As for Destiny, the patches at this point tend to have less to do with connection issues, and more to do with in-game tweaks and additions. Bungie can have patches focused around this now, thanks to the game’s launching two full months ago. They’ve used their time with the game well – the connections are stable, a lot of the exploits have been addressed, and for the most part, the game is about as complete as they can get it. This most recent patch accomplished a few things – primarily, it laid the framework for the upcoming DLC, “The Dark Below.” New geometry was placed, both in story missions to prevent leaving the world, as well as in Crucible maps to fix some exploits. Other additions were small, but I think they add a lot – there’s now a preview for shaders, as well as emblems, the customization vendor now sells more shaders, and players can hold up to 10 total bounties now, which is a little touch, but really helps. The other big Destiny item for this week is the return of the Iron Banner. Much was made of the fact that the Iron Banner wasn’t quite what they had said it would be – Bungie took that to heart, and went back to the drawing board. They’ve come back with a set-up that actually takes stats into account to a larger extent; five ranks of reputation to go through, and gear that is actually worth building up to get; as well as a new buff that makes it easier for players to get rep later in the week. It’s a step in the right direction for these timed events; I’m more curious to see how they approach the story based ones though.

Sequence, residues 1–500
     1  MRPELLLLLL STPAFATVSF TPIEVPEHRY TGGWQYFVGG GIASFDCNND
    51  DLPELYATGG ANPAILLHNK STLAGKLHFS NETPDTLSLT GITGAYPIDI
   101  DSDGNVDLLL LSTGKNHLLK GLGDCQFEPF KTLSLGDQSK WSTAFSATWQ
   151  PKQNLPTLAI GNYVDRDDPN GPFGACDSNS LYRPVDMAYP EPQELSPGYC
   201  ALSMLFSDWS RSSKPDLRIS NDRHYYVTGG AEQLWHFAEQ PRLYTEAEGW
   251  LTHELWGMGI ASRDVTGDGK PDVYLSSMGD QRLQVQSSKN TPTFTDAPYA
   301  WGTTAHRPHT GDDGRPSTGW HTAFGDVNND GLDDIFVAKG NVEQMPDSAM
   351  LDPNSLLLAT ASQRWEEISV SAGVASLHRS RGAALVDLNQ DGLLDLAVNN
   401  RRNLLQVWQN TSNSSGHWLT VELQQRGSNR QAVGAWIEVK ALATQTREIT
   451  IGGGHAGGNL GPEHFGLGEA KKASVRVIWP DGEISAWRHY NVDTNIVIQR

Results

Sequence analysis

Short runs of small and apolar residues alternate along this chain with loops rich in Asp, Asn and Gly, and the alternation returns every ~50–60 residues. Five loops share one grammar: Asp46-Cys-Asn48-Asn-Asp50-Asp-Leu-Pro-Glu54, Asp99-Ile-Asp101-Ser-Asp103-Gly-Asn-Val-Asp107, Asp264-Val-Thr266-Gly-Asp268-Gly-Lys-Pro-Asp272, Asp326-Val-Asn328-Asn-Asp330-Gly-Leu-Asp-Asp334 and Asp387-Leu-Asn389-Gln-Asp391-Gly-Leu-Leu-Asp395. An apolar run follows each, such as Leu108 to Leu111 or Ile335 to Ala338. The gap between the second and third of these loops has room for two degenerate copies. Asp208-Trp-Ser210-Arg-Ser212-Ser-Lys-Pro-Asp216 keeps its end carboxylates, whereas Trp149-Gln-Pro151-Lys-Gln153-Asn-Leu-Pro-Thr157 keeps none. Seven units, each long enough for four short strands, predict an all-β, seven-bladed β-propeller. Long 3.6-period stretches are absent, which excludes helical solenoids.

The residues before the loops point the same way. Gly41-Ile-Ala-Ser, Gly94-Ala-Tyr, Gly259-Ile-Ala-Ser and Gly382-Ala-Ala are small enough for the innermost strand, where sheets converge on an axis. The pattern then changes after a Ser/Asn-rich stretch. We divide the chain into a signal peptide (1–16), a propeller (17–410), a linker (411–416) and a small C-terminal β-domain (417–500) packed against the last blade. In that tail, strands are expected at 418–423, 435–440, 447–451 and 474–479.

Halo Master Chief Collection

Finally, we get to Halo: The Master Chief Collection. Oh boy, where to begin – the fact that matchmaking has basically been unplayable since launch? Or that even in private lobbies, playing Custom Games (which are always fun in Halo, even 13 years later) is a major chore? I could start with the UI issues involving the Roster not showing my friends as playing the game, even when I know for a fact they are. There are plenty of issues to deal with – so many that it worries me about how they may even impact Halo 5: Guardians. Luckily, 343 Industries acted pretty quickly, putting a server side patch up last week that they say helped; and at the same time coming up with a pretty substantial patch for this week. Today, that bigger patch drops – and man, those patch notes are pretty encouraging. From the looks of things, this patch is pretty much totally focused around getting matchmaking to work, keeping parties together during and after games, and making the UI functional for joining friends. There are a couple of other little things in the patch like fixing the player cards and emblems from resetting after games, as well as some achievement tweaks, but in general, this is a patch that is based around getting the game working online as fast as possible. If it works, we could start seeing more playlist hoppers open, along with the competitive series starting. If not, than I really think 343 is in trouble – the Holiday buying season is here, and if their game isn’t working, people will pass it up for other games this Holiday.

Lessons We Can Learn From The Master Chief Collection’s Launch